Russian hackers attack US state and local government networks, US government says

A poster showing six wanted Russian military intelligence officers is displayed at a news conference at the US Department of Justice in Washington, D.C., on Oct. 19, 2020. (AP Photo/Andrew Harnik, pool)
Short Url
Updated 23 October 2020

Russian hackers attack US state and local government networks, US government says

  • US intel chief earlier said Russia and Iran have both tried to interfere with the 2020 presidential election
  • Russian spokesman Dmitry Peskov called such allegations “absolutely groundless”

WASHINGTON: Hackers sponsored by Russia have been trying to break into US state and local government computer networks and in two instances were successful, US government agencies said on Thursday — the second major warning over foreign hacking in as many days.
In an alert less than two weeks before the US election, the agencies said that a Russian group, sometimes called Berserk Bear or Dragonfly by researchers, had targeted dozens of state, local, tribal and territorial US governments as well as aviation networks.
“Since at least September 2020, a Russian state-sponsored ... actor ... has conducted a campaign against a wide variety of US targets,” the Federal Bureau of Investigation and the Department of Homeland Security said.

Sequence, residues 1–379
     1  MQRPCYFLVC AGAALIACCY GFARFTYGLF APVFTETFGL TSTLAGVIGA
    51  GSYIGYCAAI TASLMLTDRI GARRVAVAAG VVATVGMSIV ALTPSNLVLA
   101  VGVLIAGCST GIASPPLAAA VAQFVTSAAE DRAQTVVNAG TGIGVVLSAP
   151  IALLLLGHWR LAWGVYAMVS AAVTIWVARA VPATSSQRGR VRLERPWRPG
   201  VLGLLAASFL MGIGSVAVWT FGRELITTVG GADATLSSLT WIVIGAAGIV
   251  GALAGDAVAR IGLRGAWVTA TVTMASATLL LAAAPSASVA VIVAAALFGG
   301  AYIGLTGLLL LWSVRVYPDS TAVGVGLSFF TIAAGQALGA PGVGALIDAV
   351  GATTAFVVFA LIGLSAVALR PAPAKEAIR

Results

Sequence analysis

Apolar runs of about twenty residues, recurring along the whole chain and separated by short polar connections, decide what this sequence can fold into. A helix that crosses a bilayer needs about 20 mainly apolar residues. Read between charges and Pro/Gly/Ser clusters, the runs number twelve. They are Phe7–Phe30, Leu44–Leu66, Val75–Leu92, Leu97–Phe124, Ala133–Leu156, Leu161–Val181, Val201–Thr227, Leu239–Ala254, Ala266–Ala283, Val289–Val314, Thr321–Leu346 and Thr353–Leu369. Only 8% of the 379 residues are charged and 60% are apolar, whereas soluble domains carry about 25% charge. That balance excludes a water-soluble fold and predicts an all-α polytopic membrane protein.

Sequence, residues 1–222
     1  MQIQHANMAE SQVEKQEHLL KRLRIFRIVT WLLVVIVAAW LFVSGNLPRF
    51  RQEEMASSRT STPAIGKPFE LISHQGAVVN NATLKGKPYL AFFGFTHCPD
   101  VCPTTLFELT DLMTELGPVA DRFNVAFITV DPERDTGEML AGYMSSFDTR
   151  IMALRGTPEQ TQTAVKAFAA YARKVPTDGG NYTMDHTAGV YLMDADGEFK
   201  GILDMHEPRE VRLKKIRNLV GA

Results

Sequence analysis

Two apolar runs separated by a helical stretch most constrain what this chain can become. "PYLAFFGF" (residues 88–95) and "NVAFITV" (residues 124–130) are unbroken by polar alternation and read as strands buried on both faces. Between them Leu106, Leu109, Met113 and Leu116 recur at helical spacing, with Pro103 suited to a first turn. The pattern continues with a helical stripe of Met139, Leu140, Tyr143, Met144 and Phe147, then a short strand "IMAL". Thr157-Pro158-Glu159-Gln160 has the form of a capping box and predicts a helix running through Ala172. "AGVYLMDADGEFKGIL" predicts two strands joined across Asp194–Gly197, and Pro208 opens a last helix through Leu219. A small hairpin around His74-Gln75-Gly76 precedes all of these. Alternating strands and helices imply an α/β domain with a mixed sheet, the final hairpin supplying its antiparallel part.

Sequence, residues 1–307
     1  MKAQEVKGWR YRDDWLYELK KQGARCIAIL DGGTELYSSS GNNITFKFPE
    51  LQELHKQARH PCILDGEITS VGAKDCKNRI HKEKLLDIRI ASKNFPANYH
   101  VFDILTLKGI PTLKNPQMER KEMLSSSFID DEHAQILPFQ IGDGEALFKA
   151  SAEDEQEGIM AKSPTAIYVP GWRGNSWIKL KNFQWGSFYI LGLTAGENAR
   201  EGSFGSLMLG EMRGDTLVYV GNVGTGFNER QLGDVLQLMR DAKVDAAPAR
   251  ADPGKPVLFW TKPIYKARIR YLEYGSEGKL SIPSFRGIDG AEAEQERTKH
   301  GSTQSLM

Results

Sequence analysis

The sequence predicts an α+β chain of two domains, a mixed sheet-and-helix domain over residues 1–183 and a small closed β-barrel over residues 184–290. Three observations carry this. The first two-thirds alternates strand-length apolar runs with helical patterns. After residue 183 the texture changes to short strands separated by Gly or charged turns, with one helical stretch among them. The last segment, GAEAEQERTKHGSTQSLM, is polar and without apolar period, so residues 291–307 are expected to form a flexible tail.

The hackers successfully broke into an unspecified number of networks and, as of earlier this month, had stolen data from two of them, the agencies said in a posting on the website of the Cybersecurity and Infrastructure Security Agency, an arm of the Department of Homeland Security.
The names of the targeted governments were not disclosed. DHS did not immediately respond to requests for comment. The FBI provided no further details but said in a statement that it was “shining a spotlight on Russia’s nefarious behavior.”
In response to a request for comment, the Russian Embassy in Washington pointed to recent comments by Kremlin spokesman Dmitry Peskov calling such allegations “absolutely groundless.”
The alert comes amid heightened concern about hacking ahead of the US presidential election on Nov. 3.
Many in the United States have worried about a potential repeat of 2016, when hackers alleged to be working for Russia’s military intelligence stole and released emails belonging to prominent US Democrats and other political figures, according to US intelligence agencies and government officials.
US Director of National Intelligence John Ratcliffe said on Wednesday that Russia and Iran have both tried to interfere with the 2020 presidential election, seeking to undermine Americans’ confidence in the integrity of the vote and spread misinformation in an attempt to sway its outcome.
Russia obtained public voter information and Iran sent spoofed emails to US voters in an attempt to intimidate them, Ratcliffe said.